The Australian Treasury has apologised for issuing a media release this morning in the name of suspended assistant treasured Senator Arthur Sinodinos, who stepped aside from the role in the wake of a NSW corruption inquiry into political donations.
Perhaps Treasury knows something the rest of us don’t and Senator Sinodis, long regarded as one of the most honorable members of parliament, is set for a comeback, but for now, finance minister Mathias Corman is filling in as assistant treasurer.
Here’s the Treasury apology in full:
Earlier today, Treasury mistakenly released a media release from Senator the Hon Arthur Sinodinos AO. This error was made by the Treasury.
The media release has now been issued correctly in the name of the Minister for Finance and Acting Assistant Treasurer, Senator the Hon Mathias Cormann.
Treasury apologises to all its stakeholders for this error and the confusion it may have caused. We would like to assure you that errors of this nature will not occur again.
The mistake is a reminder that government management of the media is often done by template, with all politicians making sure they’re “on message” even if that means you can end up with a dozen politicians say exactly the same thing in a press release in their electorates.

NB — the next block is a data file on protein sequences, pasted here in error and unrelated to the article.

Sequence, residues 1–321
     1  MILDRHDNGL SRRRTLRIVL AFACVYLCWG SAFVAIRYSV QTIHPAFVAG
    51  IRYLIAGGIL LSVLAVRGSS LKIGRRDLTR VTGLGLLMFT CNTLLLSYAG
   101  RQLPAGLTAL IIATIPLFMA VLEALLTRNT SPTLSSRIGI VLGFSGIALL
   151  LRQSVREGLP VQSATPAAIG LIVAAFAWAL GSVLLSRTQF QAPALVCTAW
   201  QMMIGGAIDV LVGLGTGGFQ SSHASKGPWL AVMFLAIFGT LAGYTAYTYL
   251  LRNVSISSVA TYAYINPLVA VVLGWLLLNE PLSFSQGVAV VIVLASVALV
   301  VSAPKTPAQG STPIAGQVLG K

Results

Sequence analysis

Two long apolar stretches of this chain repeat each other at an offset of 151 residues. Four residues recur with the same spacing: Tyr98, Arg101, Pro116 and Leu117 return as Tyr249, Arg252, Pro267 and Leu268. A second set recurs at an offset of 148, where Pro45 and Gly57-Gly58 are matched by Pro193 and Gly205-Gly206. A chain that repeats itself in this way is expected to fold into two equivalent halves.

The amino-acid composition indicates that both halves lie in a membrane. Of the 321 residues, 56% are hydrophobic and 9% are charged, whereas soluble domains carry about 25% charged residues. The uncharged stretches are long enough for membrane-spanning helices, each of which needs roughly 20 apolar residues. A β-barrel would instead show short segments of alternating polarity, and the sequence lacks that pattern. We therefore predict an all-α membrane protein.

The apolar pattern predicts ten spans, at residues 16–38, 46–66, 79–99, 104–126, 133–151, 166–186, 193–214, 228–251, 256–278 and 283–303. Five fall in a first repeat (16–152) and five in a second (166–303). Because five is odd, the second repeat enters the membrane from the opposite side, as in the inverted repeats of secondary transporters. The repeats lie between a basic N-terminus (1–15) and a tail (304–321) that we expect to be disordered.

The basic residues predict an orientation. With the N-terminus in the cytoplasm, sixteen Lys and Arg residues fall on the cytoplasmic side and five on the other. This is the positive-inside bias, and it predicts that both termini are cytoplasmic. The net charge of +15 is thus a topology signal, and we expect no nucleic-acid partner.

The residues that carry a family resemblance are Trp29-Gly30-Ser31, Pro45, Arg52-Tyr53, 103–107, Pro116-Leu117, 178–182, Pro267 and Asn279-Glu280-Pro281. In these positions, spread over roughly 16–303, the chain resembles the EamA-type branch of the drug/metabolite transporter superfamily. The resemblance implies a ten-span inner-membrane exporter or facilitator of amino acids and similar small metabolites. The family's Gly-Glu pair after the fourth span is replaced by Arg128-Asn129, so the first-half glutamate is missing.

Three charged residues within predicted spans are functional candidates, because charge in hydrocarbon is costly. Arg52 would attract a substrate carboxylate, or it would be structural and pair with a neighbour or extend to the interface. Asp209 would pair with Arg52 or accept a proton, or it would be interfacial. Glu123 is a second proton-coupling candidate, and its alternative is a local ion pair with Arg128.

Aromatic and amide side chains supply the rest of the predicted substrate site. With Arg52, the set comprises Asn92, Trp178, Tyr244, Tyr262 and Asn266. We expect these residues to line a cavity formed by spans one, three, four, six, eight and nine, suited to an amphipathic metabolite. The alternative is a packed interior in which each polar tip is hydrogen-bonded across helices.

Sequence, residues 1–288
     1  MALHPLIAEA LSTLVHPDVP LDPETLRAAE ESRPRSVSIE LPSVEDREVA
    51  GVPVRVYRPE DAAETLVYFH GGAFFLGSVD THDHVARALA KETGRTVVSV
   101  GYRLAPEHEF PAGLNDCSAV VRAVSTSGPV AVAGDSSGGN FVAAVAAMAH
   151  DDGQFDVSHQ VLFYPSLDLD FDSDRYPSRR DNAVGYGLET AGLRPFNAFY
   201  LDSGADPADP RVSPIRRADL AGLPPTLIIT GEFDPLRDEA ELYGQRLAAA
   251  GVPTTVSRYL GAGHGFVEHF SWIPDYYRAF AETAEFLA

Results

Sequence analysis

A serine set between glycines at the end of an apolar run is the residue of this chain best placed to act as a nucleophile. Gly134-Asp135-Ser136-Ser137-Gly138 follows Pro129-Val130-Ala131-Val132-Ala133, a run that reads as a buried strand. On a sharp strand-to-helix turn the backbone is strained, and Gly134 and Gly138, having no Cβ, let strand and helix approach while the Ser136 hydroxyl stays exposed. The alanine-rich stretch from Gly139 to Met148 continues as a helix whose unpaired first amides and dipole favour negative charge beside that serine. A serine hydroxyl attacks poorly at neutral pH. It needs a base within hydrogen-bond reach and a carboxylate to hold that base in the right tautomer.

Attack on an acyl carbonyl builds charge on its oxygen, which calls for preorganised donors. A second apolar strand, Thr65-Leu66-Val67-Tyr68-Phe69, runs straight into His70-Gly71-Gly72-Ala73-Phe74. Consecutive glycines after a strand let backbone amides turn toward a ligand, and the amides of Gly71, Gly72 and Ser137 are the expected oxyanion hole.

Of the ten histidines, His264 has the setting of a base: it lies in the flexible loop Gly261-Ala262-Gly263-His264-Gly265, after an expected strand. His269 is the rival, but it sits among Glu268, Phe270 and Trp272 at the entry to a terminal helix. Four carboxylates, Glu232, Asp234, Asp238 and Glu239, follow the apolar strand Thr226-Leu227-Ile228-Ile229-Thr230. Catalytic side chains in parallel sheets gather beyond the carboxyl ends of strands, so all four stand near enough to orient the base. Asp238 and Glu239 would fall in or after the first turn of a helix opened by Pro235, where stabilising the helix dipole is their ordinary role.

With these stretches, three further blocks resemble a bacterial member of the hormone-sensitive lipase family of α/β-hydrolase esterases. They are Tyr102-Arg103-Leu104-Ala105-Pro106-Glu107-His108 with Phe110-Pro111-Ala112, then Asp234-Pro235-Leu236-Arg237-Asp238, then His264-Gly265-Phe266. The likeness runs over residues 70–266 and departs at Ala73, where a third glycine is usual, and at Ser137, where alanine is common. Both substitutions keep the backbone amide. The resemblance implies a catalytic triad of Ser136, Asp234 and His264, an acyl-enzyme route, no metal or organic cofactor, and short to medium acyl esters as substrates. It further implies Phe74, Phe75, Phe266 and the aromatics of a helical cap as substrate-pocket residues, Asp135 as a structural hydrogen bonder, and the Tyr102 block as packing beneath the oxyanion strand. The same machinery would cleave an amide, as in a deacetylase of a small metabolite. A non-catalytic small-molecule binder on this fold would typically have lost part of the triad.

A classic example was revealed by ABC’s Mediawatch when, a decade ago, Senator Bill Heffernan spoke out in favour of the Australian flag, saying
September 3 will mark the 102nd anniversary of the day on which our flag was first flown as a symbol of our national unity. It is appropriate to respect our national emblems and to fly the flag as it has flown for over a century. Our flag has accompanied brave Australians in war as it has escorted worthy Australian competitors on the sporting field.
The next day, the then deputy PM, John Anderson was quoted in a media release saying, you guessed it: “September 3 will mark the 102nd anniversary of the day on which our flag was first flown as a symbol of our national unity etc…”
Several National Party politicians also repeated the now familiar refrain.
It led to this response from Anderson’s press secretary:
Media Watch deserves its own award for finally stumbling upon the concept of the “shell” press release which has legitimately been used by all sides of politics, both here and abroad, for the past three decades.
Fair enough. Just be careful who you let collect the shells.
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